Breakthrough bleeding refers to any unscheduled bleeding that occurs even though you are using active birth control pills (or patches and rings). If the bleeding is light, there’s no reason to be worried. Breakthrough bleeding is quite common, especially during the first six months of using birth control, as your body is still adapting to the hormonal changes. It’s just an initial side effect of hormone-based contraceptives — in fact, it’s their most often seen side effect.
The intensity of the breakthrough bleeding can range from a light brownish looking discharge to bleeding the same volume of blood like during your regular menstrual cycle.
How can I stop breakthrough bleeding?
There’s nothing you can do but patiently wait for your body to get used to the active birth control ingredients. Just keep on taking the birth control as prescribed by your doctor, and the breakthrough bleeding usually will go away within two to three cycles. Even if you are bleeding again during the next cycle, it most likely will be less bleeding than during the current cycle.
If the breakthrough bleeding recurs for more than 2-3 cycles or becomes more intense, it’s recommended that you see your doctor to check whether there’s something else going on.
It’s also important to bear in mind that some medications can interact with the hormones of birth control pills. This can increase the risk of bleeding. Therefore, it’s important to tell your doctor about any new medications you are taking. Likewise, when a doctor prescribes new medications for you, you should ask whether they’ll interfere with birth control pills.
If the blood volume is heavy — such as filling one pad or tampon per hour for several consecutive hours — and if that’s accompanied by dizziness, you should seek medical help right away. Doctors will check whether the bleeding is related to your birth control use or if there are other causes.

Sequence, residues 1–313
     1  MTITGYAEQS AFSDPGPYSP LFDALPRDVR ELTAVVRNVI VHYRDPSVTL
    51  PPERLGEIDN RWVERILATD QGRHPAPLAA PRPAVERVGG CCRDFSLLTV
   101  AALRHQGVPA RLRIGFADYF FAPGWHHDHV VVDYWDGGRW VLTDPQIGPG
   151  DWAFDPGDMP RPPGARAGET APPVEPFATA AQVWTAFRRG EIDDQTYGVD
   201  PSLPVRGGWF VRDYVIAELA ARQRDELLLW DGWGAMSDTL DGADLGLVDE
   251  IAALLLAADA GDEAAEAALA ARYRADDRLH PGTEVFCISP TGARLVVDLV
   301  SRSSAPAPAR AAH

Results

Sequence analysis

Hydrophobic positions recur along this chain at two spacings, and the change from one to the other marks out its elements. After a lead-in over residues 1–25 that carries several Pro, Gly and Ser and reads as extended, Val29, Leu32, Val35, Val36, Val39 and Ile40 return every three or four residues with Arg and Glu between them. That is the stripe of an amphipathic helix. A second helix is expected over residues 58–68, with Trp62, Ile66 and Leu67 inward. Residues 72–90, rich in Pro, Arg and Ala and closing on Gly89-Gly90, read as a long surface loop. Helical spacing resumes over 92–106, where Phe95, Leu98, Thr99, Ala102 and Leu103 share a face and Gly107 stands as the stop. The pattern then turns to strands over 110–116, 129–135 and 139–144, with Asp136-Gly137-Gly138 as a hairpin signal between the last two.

Does skipping periods cause breakthrough bleeding?
For some women, breakthrough bleeding happens again, and again each time they want to skip periods. If the recurring breakthrough bleeding persists for longer than five months, talk to your doctor about putting you on a different birth control pill. There are many different options, and each pill is tolerated differently by different women. Sometimes it takes two or three trials to find the right pill.
It’s also a good idea to occasionally allow a period every 2 to 3 months by going off the hormones or using the inactive pills at the end of each pill pack. Such a break, which can last 4-7 days, will reduce the chances of getting breakthrough bleeding when you are on active pills.
Missed or late pills are another common reason for breakthrough bleeding.
Missed or late pills also can cause breakthrough bleeding, which is why it’s so important that you carefully stick to the prescribed birth control schedule, taking it at exact intervals and at the same time of the day. Not missing a pill not only prevents breakthrough bleeding, but it also ensures optimal pregnancy protection, which can be as high as 99% if the pill is taken correctly. You can remind yourself that you have to take the pill by setting alarms on your phone or combining the pill taking with a daily ritual, such as tooth brushing.
Is breakthrough bleeding more common with progestin-only pills?
Yes, taking progestin-only pills instead of combined pills makes it slightly more likely that you get irregular spotting and bleeding during the first three to six months of using birth control. However, you’ll notice a gradual improvement, and after six months, the breakthrough bleeding will have disappeared entirely. If you still experience bleeding beyond the sixth month of using progestin-only pills, there may be some other issues. It’s recommended to consult with your gynecologist or general doctor.
- Villavicencio, Jennifer, and Rebecca H Allen. “Unscheduled Bleeding and Contraceptive Choice: Increasing Satisfaction and Continuation Rates.” Open Access Journal of Contraception, vol. 7, 31 Mar. 2016, pp. 43–52, www.ncbi.nlm.nih.gov/pmc/articles/PMC5683158/, 10.2147/OAJC.S85565. Accessed 9 Jun 2020.
- Wright, Kristen Page, and Julia V Johnson. “Evaluation of Extended and Continuous Use Oral Contraceptives.” Therapeutics and Clinical Risk Management, vol. 4, no. 5, 2008, pp. 905–11, www.ncbi.nlm.nih.gov/pmc/articles/PMC2621397/. Accessed 9 Jun. 2020.